Criminal Mischief in Texas
Texas Penal Code 28.03 defines criminal mischief as the act of intentionally or knowingly damaging, destroying, vandalizing, or tampering with the tangible property of another person. When these acts cause monetary loss or inconvenience to the owner of the property, the defendant can face misdemeanor or felony charges in Texas.
In Texas, penalties for criminal mischief depend on the type and extent of damage caused by the defendant’s actions. Criminal mischief is a serious crime in Texas, which is why it is important to fight the charges to avoid penalties that include fines, jail or imprisonment.
Contact our Denton criminal defense attorney Brent D. Bowen to choose the best defense strategy if you were charged with criminal mischief.
When You can be Charged with Criminal Mischief in Texas
You may be charged with criminal mischief in Texas if there is factual evidence that you intentionally or knowingly:
- Damaged someone else’s property;
- Vandalized or tampered with someone else’s property, causing monetary damages or inconvenience; or
- Left marks, markings, inscriptions, or drew drawings of graffiti on someone else’s tangible property.
Types of Criminal Mischief in TX
Texas Penal Code recognizes several types of criminal mischief based on the type of damage caused by the defendant’s actions. Types of criminal mischief include:
- Causing damage to or destroying property, including private or public (e.g., breaking a window or defacing a wall);
- Damage to a motor vehicle (e.g., breaking car windows or scratching the car paint);
- Damage to a place of business (e.g., damaging a fixture that belongs to a business);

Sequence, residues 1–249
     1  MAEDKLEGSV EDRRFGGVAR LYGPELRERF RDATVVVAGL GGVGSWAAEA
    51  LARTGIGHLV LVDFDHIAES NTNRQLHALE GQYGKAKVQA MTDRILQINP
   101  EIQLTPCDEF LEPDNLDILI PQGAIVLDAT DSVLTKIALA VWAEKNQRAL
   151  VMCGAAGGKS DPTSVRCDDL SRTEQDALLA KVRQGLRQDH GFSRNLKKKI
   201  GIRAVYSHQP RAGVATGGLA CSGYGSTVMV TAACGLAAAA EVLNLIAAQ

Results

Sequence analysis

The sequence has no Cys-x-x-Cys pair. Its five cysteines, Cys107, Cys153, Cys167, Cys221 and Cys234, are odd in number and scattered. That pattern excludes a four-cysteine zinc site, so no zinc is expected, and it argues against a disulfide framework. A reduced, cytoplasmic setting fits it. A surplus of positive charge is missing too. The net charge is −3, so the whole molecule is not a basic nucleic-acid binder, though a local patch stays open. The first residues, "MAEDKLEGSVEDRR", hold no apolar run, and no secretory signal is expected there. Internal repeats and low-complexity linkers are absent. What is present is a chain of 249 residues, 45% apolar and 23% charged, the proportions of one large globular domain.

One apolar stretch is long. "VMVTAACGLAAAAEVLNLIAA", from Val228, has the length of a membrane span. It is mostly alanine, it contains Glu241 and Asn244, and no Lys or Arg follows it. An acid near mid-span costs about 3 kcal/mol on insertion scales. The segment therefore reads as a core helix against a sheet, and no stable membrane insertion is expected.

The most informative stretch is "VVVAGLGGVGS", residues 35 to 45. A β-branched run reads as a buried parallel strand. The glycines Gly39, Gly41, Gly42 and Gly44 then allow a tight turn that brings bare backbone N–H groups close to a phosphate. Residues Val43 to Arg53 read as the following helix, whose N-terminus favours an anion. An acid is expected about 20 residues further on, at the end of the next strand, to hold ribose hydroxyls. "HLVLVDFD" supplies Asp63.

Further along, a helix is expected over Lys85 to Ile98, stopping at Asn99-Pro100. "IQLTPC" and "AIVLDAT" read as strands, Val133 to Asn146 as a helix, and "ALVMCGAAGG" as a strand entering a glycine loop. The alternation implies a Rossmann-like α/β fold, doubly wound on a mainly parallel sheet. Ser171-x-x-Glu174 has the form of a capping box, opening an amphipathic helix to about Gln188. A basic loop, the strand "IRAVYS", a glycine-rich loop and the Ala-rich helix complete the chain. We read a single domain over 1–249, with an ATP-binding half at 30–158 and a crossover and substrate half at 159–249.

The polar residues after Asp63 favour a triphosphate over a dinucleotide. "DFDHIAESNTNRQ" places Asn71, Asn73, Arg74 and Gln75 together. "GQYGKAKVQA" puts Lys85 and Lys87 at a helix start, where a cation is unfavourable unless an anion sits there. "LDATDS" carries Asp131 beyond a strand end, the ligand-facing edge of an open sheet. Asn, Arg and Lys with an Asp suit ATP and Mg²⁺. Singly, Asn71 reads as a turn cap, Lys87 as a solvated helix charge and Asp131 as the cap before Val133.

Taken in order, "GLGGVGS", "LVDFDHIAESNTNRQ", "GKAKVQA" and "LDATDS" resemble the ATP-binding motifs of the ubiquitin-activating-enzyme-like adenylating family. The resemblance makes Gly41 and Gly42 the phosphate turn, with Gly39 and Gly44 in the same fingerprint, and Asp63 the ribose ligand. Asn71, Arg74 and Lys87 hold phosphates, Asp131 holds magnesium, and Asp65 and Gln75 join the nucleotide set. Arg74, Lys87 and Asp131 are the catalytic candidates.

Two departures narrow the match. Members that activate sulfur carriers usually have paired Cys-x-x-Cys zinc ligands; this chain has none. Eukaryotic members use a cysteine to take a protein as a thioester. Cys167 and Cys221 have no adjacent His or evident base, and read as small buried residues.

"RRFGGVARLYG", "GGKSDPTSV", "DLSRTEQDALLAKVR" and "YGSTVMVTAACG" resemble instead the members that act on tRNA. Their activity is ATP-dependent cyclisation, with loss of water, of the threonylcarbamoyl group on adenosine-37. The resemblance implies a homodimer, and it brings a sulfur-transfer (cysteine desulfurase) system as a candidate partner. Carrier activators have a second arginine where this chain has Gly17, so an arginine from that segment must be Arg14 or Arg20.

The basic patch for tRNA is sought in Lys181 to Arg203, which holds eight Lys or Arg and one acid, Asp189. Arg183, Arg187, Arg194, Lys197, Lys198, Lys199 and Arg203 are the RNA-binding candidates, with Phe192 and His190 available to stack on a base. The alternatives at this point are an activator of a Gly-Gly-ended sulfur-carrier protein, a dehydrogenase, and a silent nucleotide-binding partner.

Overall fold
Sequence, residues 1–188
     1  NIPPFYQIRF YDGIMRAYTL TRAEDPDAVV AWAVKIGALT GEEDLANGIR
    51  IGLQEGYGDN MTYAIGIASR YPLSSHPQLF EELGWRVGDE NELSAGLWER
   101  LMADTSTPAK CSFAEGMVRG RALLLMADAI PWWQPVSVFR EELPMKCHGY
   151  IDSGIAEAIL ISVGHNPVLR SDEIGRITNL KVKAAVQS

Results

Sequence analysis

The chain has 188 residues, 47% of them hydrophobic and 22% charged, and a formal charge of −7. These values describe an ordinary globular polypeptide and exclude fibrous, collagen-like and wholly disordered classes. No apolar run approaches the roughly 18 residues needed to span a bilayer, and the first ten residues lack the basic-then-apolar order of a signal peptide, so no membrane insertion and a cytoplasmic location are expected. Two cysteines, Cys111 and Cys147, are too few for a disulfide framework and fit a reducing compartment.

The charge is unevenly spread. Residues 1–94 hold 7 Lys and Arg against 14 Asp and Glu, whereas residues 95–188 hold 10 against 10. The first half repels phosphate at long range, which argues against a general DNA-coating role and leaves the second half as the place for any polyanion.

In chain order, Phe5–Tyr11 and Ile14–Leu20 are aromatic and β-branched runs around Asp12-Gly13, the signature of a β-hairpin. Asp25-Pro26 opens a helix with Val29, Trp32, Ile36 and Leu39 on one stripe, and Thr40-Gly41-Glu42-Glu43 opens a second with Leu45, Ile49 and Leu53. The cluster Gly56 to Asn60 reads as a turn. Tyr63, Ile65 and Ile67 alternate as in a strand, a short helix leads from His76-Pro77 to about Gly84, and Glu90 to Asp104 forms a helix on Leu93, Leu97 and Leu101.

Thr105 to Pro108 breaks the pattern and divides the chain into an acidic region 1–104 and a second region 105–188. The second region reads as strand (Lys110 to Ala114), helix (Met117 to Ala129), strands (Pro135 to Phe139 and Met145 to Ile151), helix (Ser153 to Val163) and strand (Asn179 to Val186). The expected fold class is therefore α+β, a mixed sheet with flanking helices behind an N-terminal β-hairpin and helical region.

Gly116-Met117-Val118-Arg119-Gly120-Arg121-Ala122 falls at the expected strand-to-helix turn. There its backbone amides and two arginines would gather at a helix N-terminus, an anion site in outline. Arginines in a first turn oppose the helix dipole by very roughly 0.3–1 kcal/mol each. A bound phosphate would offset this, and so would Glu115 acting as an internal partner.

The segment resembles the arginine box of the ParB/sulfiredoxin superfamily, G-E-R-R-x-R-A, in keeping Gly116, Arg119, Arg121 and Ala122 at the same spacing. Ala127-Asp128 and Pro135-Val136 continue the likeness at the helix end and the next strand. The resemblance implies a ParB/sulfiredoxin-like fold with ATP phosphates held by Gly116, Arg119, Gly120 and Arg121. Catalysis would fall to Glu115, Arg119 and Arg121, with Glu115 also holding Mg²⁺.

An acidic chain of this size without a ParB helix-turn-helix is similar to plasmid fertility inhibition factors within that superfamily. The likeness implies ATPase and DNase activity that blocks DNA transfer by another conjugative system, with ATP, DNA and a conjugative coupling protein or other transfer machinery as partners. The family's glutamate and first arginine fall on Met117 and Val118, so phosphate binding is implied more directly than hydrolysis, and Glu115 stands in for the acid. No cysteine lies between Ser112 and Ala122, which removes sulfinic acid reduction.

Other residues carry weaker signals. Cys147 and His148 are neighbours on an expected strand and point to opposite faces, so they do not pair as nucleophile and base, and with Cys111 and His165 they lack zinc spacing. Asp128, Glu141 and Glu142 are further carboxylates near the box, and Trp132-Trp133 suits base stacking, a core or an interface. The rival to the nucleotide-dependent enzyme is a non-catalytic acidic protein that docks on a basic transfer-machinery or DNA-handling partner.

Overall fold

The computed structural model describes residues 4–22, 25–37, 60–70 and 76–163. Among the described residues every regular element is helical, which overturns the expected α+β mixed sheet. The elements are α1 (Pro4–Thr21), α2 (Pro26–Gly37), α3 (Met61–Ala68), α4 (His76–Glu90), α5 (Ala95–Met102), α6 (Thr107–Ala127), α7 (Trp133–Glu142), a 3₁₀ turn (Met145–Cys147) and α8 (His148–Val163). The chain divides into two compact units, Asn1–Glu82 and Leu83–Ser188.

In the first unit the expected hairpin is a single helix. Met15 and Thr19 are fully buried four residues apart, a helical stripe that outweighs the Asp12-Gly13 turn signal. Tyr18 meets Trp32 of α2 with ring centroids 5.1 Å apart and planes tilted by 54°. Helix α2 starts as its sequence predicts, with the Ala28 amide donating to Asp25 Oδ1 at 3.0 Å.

- Damage to a school, college, university, or another institution of higher learning (e.g., writing on desks, damaging lockers, defacing school property); and
- Damage to another person’s home (e.g., damaging fences, egging a house, putting toilet paper in trees or bushes, etc.).
You may also be charged with criminal mischief in Texas for damaging or destroying your own property. For example, if you destroy your automobile or any other personal property, you can face criminal mischief charges if another party has a partial ownership interest in that property.
Defenses to Criminal Mischief Charges in Texas
In some cases, the defendant can use the “mistaken identity” defense if they were falsely accused of criminal mischief. If you were falsely identified by witnesses or on surveillance footage, your criminal defense attorney in Texas would help you prove that you are not the person who committed the crime.
Your lawyer may be able to defend you against criminal mischief charges in Texas by questioning witness testimonies or demonstrating evidence that the person shown on surveillance footage or photographs is a different person.
Also, since the prosecution must prove that the defendant did not have the right to damage someone else’s property and that they intended to cause damage to the property, a criminal defense lawyer may be able to prove that you had no intent to destroy the property. Claiming that the police violated your rights when arresting you or gathering evidence could also help you avoid criminal charges.
Schedule a consultation with our criminal defense attorney in Texas, Brent D. Bowen, to discuss the best defense strategy in your criminal mischief case. Call at (940) 222-2488 or fill out this contact form.